Biographical Database of NAWSA Suffragists, 1890-1920

Biography of Frances Nacke Noel, 1873-1963

By Sherry J. Katz, Department of History, San Francisco State University

Founder, Wage Earners' Suffrage League, Los Angeles, 1911
Delegate to Los Angeles County Equal Suffrage Central Committee, 1911

Frances (Franziska) Nacke Noel was born on January 5, 1873, in a small village in Saxony, Germany, to Edward Nacke (a factory inspector) and Ida Miller Nacke. She settled in Los Angeles, California in the early twentieth century and married Primrose D. Noel in 1903. Their son Francis was born in 1906. Noel died on April 24, 1963.

As a teenager, Noel studied to be a kindergarten teacher at a school influenced by Friedrich Frobel. In 1893, she left Germany “as an adventure loving woman” to “see the world,” and settled in the United States. In the mid-1890s, Noel became an ardent socialist-feminist and devoted the rest of her life to political activism, especially on behalf of wage-earning women. During the Progressive Era, she sought to bring activist women together across lines of difference, and she championed a multilateral program for women's emancipation that included women's suffrage, female unionization, protective labor legislation, mothers' pensions, legal contraception, and the gender integration of political parties and the state. Noel was a key member of an influential network of left-feminists in California that facilitated feminist coalition building and championed women's economic independence as central to the feminist project.

After moving permanently to Los Angeles in 1902, Noel made achieving women's suffrage one of her principal priorities. In 1908, as she became the most influential woman in the Los Angeles labor movement, Noel worked to build support for suffrage within the state's labor and socialist organizations. She was also visible within the mainstream women's movement, joining prominent women's clubs (Friday Morning Club and Women's City Club) by 1910. In the victorious 1911 suffrage campaign, Noel emerged as an important leader, organizer, and propagandist, experimenting with new forms of militant agitation. In June 1911, Noel founded the Wage Earners' Suffrage League (WESL), which led the working-class and labor wing of the Los Angeles County Equal Suffrage Central Committee. As a delegate to the county committee, Noel helped to build a successful cross-class coalition and to devise outreach to working-class, immigrant, labor, and socialist communities. In addition, Noel pioneered outdoor mass meetings and street speaking in the 1911 campaign. In July 1911, the WESL sponsored the first open-air meeting of the California campaign in Hollenbeck Park, located in an ethnically mixed, working-class neighborhood in Los Angeles. The meeting was innovative because outdoor meetings had not been part of conventional suffrage organizing and because the WESL had to circumvent a city ordinance prohibiting political speeches in public parks by singing arguments for the ballot. Excellent press coverage encouraged suffrage activists throughout the state to organize similar public events. The WESL also “broke the way” for street speaking, so that by the end of the campaign middle-class suffragists dared to mount sidewalk platforms themselves. In the last three weeks of the campaign, the league's 100 members conducted daily street speaking in unionized wards of Los Angeles, canvassed working-class neighborhoods as part of a countywide coordinated effort, visited factories and saloons, and wrote and distributed labor-oriented suffrage literature. Noel reported being out every night of those last weeks, speaking to working-class audiences or attending planning meetings. When the California electorate enfranchised women on October 10, 1911, Noel celebrated the victory but was also thrilled that the California suffrage campaign brought progressive women “regardless of class, color, or creed” more closely in contact and coalition.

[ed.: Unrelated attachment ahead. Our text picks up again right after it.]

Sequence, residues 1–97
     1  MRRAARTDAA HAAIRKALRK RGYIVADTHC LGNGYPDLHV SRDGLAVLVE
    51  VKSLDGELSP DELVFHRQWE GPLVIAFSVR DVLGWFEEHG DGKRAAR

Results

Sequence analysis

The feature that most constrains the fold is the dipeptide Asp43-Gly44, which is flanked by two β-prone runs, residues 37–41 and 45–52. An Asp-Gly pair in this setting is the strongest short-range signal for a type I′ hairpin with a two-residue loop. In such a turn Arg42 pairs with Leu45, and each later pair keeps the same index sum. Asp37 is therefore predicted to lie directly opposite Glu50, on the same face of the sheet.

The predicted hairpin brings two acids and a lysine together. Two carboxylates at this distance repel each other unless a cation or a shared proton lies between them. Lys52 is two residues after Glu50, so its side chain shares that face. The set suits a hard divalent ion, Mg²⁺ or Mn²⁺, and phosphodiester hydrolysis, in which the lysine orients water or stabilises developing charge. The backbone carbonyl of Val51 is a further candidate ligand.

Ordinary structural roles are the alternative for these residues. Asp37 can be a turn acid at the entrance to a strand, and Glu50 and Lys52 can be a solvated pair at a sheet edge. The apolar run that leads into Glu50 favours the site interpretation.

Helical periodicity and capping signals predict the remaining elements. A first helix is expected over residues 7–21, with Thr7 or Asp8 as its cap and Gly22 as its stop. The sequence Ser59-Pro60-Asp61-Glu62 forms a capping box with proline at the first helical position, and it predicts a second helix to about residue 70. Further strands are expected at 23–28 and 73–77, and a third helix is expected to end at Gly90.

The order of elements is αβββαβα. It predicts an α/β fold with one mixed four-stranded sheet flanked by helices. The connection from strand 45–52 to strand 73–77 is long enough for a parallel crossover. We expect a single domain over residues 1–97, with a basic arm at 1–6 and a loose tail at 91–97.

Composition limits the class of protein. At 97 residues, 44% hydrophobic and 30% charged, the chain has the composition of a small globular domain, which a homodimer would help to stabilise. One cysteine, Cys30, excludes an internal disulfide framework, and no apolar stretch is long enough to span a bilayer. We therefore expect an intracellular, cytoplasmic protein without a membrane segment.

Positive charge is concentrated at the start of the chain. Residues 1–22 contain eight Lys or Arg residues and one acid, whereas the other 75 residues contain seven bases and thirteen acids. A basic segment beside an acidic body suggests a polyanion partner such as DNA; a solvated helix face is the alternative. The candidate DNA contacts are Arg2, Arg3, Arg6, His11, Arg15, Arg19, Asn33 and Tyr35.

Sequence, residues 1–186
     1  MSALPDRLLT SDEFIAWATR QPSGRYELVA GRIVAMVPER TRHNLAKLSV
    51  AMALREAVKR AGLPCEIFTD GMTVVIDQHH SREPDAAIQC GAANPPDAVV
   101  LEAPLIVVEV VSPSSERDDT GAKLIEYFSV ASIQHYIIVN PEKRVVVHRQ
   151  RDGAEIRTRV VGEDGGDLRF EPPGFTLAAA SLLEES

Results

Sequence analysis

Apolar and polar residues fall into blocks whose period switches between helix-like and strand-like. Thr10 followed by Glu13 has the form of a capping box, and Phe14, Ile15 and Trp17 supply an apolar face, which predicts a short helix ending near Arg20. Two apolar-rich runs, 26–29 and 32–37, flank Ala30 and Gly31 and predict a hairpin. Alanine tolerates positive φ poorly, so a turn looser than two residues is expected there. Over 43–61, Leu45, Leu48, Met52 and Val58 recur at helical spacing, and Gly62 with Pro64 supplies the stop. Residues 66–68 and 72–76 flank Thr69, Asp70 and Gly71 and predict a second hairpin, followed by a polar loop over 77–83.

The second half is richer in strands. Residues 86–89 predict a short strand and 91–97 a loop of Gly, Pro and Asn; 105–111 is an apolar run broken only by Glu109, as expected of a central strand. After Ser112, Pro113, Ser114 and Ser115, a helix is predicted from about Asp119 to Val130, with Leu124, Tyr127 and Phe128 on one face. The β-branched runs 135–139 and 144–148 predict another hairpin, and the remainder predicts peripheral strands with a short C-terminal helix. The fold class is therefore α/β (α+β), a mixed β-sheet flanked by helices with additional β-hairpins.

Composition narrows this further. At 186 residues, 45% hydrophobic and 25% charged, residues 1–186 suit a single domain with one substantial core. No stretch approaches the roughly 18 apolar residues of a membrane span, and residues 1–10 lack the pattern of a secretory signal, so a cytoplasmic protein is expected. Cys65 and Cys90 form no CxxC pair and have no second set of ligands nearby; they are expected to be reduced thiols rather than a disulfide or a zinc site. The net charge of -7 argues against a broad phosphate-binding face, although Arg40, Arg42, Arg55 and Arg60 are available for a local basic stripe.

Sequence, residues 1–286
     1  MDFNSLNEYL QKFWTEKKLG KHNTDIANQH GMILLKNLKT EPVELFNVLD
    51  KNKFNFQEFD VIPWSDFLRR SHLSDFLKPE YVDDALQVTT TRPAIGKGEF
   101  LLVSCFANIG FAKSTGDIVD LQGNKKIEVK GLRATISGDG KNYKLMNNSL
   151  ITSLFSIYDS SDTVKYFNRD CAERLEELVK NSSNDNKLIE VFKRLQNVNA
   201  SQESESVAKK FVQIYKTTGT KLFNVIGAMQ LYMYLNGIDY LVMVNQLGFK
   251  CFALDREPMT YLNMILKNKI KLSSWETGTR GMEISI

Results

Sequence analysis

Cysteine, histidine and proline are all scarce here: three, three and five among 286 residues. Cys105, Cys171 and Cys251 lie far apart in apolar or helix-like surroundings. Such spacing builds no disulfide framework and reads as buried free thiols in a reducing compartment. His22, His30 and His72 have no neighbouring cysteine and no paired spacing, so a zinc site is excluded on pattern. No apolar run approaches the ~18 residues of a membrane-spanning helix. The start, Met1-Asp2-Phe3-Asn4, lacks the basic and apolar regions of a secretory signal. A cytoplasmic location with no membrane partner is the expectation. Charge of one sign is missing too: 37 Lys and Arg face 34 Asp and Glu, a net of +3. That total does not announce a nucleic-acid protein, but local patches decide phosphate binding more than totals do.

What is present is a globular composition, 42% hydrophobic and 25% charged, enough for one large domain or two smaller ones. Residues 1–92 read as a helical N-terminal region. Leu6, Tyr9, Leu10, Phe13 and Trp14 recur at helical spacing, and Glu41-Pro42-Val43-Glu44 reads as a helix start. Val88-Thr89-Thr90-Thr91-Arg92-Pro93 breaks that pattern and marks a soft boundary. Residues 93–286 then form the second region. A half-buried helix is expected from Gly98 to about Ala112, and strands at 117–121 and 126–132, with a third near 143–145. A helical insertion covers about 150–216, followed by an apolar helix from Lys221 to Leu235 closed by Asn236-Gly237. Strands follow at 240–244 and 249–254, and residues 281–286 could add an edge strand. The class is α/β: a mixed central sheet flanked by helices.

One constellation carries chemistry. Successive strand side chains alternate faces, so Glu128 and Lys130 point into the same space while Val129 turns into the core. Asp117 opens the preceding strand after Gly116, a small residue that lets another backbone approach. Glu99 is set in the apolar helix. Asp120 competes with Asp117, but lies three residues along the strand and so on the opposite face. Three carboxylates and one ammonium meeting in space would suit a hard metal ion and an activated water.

“Behold the Advent of the Woman Orator.” Los Angeles Tribune, October 20, 1911. This article contains the quote on Noel's street speaking.

Katz, Sherry J. “A Politics of Coalition: Socialist Women and the California Suffrage Movement, 1900-1911.” In One Woman, One Vote: Rediscovering the Woman Suffrage Movement, edited by Marjorie Spruill Wheeler, 245-262. Troutdale, OR: NewSage Press, 1995.

Katz, Sherry Jeanne. “Dual Commitments: Feminism, Socialism, and Women's Political Activism in California, 1890-1920.” Ph.D. diss., University of California, Los Angeles, 1991.

Katz, Sherry J. “Excavating Radical Women in Progressive Era California.” In Contesting Archives: Finding Women in the Sources, edited by Nupur Chaudhuri, Sherry J. Katz, and Mary Elizabeth Perry, 89-106. Urbana, Chicago, and Springfield, IL: University of Illinois Press, 2010.

Katz, Sherry. “Frances Nacke Noel and `Sister Movements': Socialism, Feminism, and Trade Unionism in Los Angeles, 1909-1916.” California History LXVII: 3 (September 1988): 180-189, 207-210.

Noel, Frances Nacke/Job Harriman Papers, Huntington Library, San Marino, California. For Noel's characterization of herself as a young woman, see Frances Noel's handwritten obituary for P.D. Noel [1943] in this collection.

Noel, Frances Papers (Collection 814), Department of Special Collections, Charles E. Young Research Library, University of California, Los Angeles. See Frances N. Noel, “A Word to Socialist Voters,” California Social-Democrat, September 2, 1911 in Box 1, Folder 7 for quote about cross-class coalition building.

Noel, Frances Recollections (Collection 100, box 98), Department of Special Collections, Charles E. Young Research Library, University of California, Los Angeles [oral history interview].

For more information and primary sources on/by Noel consult my dissertation and articles.

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